The role of the involucral bracts of the Compositae capitulum in fruit dispersal, the behaviour of the pappus of composite fruits to changes in humidity, and the presentation of the achene-pappus units for wind dispersal, are briefly reviewed. Arguments put forward in the literature for and against the effectiveness of the pappus in facilitating wind dispersal are presented. A method is described for comparing the dispersal efficiency of achene-pappus units of selected composites. The computed trajectories for fruits of selected species under the independent effects of wind speed and plant height, wind speed and boundary layer, and the combination of these with convection velocity are given.

It is shown that the efficiency of dispersal is determined more by the fine details of the pappus geometry, which directly affects its aerodynamic properties, than by the size ratio of pappus to achene. Under steady horizontal winds, increased height of fruit release increases dispersal distance. Reported patterns of wind dispersal are discussed in terms of air movement, flight path interference by neighbouring plants and, for some species, the fruit dissemination mechanism.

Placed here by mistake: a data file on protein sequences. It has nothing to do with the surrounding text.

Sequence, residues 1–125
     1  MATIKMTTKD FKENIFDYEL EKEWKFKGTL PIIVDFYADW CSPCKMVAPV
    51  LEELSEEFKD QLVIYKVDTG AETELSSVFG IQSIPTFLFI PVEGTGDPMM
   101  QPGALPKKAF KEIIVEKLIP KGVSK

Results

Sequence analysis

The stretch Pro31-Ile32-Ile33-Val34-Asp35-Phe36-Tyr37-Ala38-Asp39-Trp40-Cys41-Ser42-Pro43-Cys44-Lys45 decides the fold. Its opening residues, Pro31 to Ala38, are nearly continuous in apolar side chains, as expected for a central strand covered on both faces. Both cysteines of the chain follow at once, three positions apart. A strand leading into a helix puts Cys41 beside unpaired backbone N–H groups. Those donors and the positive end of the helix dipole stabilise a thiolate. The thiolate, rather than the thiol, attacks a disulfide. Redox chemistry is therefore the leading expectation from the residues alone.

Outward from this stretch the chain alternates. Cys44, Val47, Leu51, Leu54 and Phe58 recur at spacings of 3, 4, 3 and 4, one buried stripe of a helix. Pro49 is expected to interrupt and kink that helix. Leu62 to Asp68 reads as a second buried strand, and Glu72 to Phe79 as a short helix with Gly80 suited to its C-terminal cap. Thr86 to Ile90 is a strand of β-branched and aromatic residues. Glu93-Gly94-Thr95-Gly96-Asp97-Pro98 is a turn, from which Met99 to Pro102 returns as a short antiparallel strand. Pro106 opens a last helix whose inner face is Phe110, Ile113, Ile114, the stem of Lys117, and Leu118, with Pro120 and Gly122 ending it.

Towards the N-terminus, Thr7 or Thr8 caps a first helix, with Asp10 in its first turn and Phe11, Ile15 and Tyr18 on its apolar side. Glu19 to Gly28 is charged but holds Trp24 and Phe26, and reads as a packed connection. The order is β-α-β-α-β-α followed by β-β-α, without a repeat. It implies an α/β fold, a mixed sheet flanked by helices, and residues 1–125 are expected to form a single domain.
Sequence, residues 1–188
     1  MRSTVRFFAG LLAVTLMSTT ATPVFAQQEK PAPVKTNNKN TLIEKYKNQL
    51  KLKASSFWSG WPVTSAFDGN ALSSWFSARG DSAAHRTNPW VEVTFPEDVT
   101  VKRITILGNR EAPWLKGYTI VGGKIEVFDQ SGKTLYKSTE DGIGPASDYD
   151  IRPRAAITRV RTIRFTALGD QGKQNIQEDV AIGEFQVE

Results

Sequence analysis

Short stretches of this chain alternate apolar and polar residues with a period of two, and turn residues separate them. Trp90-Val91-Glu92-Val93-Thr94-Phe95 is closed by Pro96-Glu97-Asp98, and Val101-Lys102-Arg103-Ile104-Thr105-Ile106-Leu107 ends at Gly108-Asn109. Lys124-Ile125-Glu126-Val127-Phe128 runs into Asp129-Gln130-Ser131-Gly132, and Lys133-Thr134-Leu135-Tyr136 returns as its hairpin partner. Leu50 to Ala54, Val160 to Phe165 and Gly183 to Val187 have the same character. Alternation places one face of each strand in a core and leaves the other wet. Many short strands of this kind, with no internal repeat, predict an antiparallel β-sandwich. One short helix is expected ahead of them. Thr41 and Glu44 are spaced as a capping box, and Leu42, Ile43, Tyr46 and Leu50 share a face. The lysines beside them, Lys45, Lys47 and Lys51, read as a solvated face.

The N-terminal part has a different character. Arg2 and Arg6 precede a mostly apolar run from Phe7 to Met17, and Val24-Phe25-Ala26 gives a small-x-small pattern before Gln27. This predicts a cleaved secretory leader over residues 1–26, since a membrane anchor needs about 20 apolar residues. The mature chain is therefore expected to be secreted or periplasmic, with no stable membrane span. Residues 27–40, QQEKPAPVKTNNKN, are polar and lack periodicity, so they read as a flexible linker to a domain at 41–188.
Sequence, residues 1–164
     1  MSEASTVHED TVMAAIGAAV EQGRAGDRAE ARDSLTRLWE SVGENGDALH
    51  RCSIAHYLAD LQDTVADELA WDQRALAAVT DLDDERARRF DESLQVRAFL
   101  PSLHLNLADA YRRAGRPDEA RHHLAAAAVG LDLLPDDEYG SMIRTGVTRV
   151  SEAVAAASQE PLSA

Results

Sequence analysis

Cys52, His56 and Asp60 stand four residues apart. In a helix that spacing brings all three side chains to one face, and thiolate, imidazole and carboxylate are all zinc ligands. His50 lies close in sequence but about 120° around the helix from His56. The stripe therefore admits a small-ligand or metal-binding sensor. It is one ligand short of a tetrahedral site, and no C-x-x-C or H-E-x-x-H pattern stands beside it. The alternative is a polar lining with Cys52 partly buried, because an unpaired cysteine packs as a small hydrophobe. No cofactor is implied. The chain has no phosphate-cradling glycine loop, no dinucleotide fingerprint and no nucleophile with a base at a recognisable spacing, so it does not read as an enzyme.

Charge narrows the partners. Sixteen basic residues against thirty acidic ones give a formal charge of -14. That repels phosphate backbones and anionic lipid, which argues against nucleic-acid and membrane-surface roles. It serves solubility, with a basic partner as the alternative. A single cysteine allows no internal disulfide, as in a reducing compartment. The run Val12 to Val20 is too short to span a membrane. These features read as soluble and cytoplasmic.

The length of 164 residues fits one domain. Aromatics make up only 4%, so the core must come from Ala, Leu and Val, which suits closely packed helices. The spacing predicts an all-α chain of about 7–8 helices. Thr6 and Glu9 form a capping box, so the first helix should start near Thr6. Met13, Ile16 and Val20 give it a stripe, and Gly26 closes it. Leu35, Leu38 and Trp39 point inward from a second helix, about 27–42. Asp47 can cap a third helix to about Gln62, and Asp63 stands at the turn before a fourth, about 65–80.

While increased wind velocities increase the trajectory distance, dispersal of many composites is hampered by the pappus response to humidity. Increased dispersal distances are given by steady convection currents, whereas turbulence may either curtail or prolong transportation.

The apparent inefficiency of wind dispersal reported under field conditions is explained by the combined effects of these various environmental factors upon the dispersal units during the period of dissemination.